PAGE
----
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The Film Lounge

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Cippenham
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Re: The Film Lounge

#18881

Post by Cippenham » February 8th, 2020, 8:22 pm

Sorry you are right. Has anyone seen Cats?

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#18882

Post by joachimt » February 8th, 2020, 8:51 pm

Cippenham wrote:
February 8th, 2020, 8:22 pm
Has anyone seen Cats?
I have.
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#18883

Post by Cippenham » February 9th, 2020, 8:13 pm

joachimt wrote:
February 8th, 2020, 8:51 pm
Cippenham wrote:
February 8th, 2020, 8:22 pm
Has anyone seen Cats?
I have.
Is it really bad 🐱

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#18884

Post by Onderhond » February 9th, 2020, 8:35 pm

It's certainly not great, but if you can appreciate the weird there's been a lot worse in cinemas this year.

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#18885

Post by joachimt » February 9th, 2020, 8:49 pm

Doesn't deserve to be in the bottom top 100, but it's not really worth your time.
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#18886

Post by fori » February 10th, 2020, 11:33 am

La la land with weirdo digital effects and a few jaw droppingly off scenes

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#18887

Post by Onderhond » February 10th, 2020, 11:52 am

At least I liked it a lot better than La La Land. Shorter and crazier.

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#18888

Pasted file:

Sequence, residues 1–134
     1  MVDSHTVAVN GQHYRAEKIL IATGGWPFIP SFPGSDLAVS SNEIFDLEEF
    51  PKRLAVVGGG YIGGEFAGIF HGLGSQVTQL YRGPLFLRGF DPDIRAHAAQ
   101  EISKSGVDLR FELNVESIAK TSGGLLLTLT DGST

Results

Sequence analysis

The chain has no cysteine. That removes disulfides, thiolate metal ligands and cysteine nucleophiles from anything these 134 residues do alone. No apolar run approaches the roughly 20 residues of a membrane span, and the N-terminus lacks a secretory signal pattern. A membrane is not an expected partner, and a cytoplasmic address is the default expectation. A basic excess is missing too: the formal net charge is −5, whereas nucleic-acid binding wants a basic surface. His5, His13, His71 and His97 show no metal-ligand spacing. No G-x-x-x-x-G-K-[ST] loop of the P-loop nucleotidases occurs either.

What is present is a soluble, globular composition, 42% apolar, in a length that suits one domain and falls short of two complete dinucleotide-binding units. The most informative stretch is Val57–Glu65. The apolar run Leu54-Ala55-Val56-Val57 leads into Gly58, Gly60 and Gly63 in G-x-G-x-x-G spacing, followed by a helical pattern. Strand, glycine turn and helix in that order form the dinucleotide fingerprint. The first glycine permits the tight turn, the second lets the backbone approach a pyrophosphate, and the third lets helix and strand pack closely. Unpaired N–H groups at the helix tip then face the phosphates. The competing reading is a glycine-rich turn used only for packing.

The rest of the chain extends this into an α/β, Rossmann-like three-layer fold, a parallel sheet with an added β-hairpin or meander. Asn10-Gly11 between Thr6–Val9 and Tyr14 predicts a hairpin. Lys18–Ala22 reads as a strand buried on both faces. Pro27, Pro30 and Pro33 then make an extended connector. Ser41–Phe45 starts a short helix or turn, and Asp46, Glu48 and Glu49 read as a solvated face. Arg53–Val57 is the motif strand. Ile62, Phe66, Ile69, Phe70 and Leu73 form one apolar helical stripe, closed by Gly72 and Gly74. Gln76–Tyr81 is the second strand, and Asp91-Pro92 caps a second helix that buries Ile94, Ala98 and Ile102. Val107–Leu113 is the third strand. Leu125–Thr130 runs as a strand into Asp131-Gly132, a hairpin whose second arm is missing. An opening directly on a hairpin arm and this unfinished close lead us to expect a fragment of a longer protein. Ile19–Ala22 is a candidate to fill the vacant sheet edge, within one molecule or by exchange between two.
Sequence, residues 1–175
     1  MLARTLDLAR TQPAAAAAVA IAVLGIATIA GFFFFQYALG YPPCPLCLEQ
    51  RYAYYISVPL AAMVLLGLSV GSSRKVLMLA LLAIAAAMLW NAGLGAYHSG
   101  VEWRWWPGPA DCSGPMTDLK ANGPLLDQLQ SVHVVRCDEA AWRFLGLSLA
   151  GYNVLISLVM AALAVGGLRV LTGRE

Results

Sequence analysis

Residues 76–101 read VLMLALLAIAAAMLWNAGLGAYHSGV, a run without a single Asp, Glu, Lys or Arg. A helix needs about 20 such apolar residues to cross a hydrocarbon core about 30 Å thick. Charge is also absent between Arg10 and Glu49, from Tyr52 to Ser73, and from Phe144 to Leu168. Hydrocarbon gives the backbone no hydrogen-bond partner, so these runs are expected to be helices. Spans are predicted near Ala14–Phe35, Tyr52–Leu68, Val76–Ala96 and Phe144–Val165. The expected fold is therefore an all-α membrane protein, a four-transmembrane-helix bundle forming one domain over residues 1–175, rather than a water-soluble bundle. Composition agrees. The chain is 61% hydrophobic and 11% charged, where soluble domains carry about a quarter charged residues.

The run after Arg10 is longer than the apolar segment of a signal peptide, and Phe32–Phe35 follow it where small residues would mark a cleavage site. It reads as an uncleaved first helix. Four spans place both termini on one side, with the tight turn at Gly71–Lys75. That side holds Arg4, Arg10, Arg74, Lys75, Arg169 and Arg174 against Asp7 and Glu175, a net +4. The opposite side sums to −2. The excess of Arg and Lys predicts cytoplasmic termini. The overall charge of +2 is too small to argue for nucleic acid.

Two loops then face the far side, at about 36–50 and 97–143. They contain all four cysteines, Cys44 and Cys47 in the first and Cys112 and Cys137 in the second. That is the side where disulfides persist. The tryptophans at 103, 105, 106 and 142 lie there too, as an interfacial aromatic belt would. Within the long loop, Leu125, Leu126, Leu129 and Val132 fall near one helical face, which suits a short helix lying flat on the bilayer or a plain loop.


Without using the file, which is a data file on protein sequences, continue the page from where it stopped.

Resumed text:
Post by fori » February 10th, 2020, 12:29 pm

Yeah couldn’t agree more: solid, well above average Hollywood oddity. I wish we could trade the dominance of superheroes in box office and obnoxious throwbacks in terms of acclaim for more Cats and Valerian & the city of 1000 planets-style big budget follies.

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#18889

Post by Knaldskalle » February 10th, 2020, 3:55 pm

fori wrote:
February 10th, 2020, 12:29 pm
Yeah couldn’t agree more: solid, well above average Hollywood oddity. I wish we could trade the dominance of superheroes in box office and obnoxious throwbacks in terms of acclaim for more Cats and Valerian & the city of 1000 planets-style big budget follies.
I'd definitely go see an adaptation of one of Jodorowski's comic books, no matter which one it was. I suspect I may be in the minority on that - and that I'd have to wait a really long time before having the chance.
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#18890

Post by fori » February 10th, 2020, 4:52 pm